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VPR's coverage of arts and culture in the region.

Gilbert: Bent Birches

Birches, one of Robert Frost’s best and best-known poems, describes trees bent down permanently but not killed by ice-storms so that “[y]ears afterwards” you can see them [quote]

...trailing their leaves on the ground
Like girls on hands and knees that throw their hair
Before them over their heads to dry in the sun.

My recent attempts to shake ice and snow off our birches had precisely the effect on the trees and their ice coating that Frost describes:

...They click upon themselves
...and turn many-colored
As the stir cracks and crazes their enamel.

In previous winters, I’ve seen birches bounce back to stand up straight again after being bent down. In fact, I’ve been surprised by their resilience, partly because I remember Frost also asserting that unlike boys’ swinging on them, ice storms do “bend [birches] down to stay.” In this case, nature does more damage than human activity.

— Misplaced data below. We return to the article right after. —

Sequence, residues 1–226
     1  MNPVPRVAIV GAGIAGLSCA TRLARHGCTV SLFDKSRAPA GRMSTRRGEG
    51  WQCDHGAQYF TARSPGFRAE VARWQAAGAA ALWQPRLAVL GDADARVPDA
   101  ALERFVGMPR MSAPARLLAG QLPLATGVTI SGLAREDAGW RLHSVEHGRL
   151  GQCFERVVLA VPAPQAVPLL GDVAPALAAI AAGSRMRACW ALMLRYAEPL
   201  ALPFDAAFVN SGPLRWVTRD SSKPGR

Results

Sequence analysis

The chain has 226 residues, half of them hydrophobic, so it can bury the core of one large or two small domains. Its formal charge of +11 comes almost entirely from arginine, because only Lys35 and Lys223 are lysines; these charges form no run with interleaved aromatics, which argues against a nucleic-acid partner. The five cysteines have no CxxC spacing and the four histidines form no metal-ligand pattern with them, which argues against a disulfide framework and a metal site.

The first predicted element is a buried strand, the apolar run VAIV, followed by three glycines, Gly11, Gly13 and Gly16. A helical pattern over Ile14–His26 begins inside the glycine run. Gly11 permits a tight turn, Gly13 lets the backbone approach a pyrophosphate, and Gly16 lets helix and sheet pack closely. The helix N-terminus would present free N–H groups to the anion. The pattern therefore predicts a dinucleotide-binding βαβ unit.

Which reminds me of another great poem: God’s Grandeur, by the English poet Gerard Manley Hopkins. In it he asserts that the natural world continues to bounce back despite humankind’s abuse - treading on it, searing it with trade, and smearing it with toil so much that the ground is bare, the earth wears our smudge, and even takes on our smell. We are literally and figuratively out of touch with nature: Hopkins writes, “Nor can foot feel, being shod” - as if our putting on shoes – like shod horses – has alienated us from the earth itself.

“And [yet] for all this,” Hopkins writes, “nature is never spent.” Nature is never exhausted, and, he asserts, like Frost’s birches that boys have ridden, bounces back!

I love the language, imagery, and passionate joy of Hopkins' poem. But alas, Hopkins wrote the poem in 1877 – and the assertion that the natural world is more resilient than one might think probably isn’t as true today. Rather than be struck by the resilience of nature, like the resilience of the ice-laden birches, we’re more likely to be struck today by the irreversible damage to the earth done by precisely the kind of human activity that Hopkins describes – trade, toil, and a heavy tread. The dramatic reduction of northern sea ice, essential for polar bears’ survival, and the high water that now more frequently floods beautiful San Marcos Square and the rest of Venice, Italy should make it abundantly clear that climate change is already here. And no one should think even for a second that the earth can easily bounce back from that.

Peter Gilbert is executive director of the Vermont Humanities Council.
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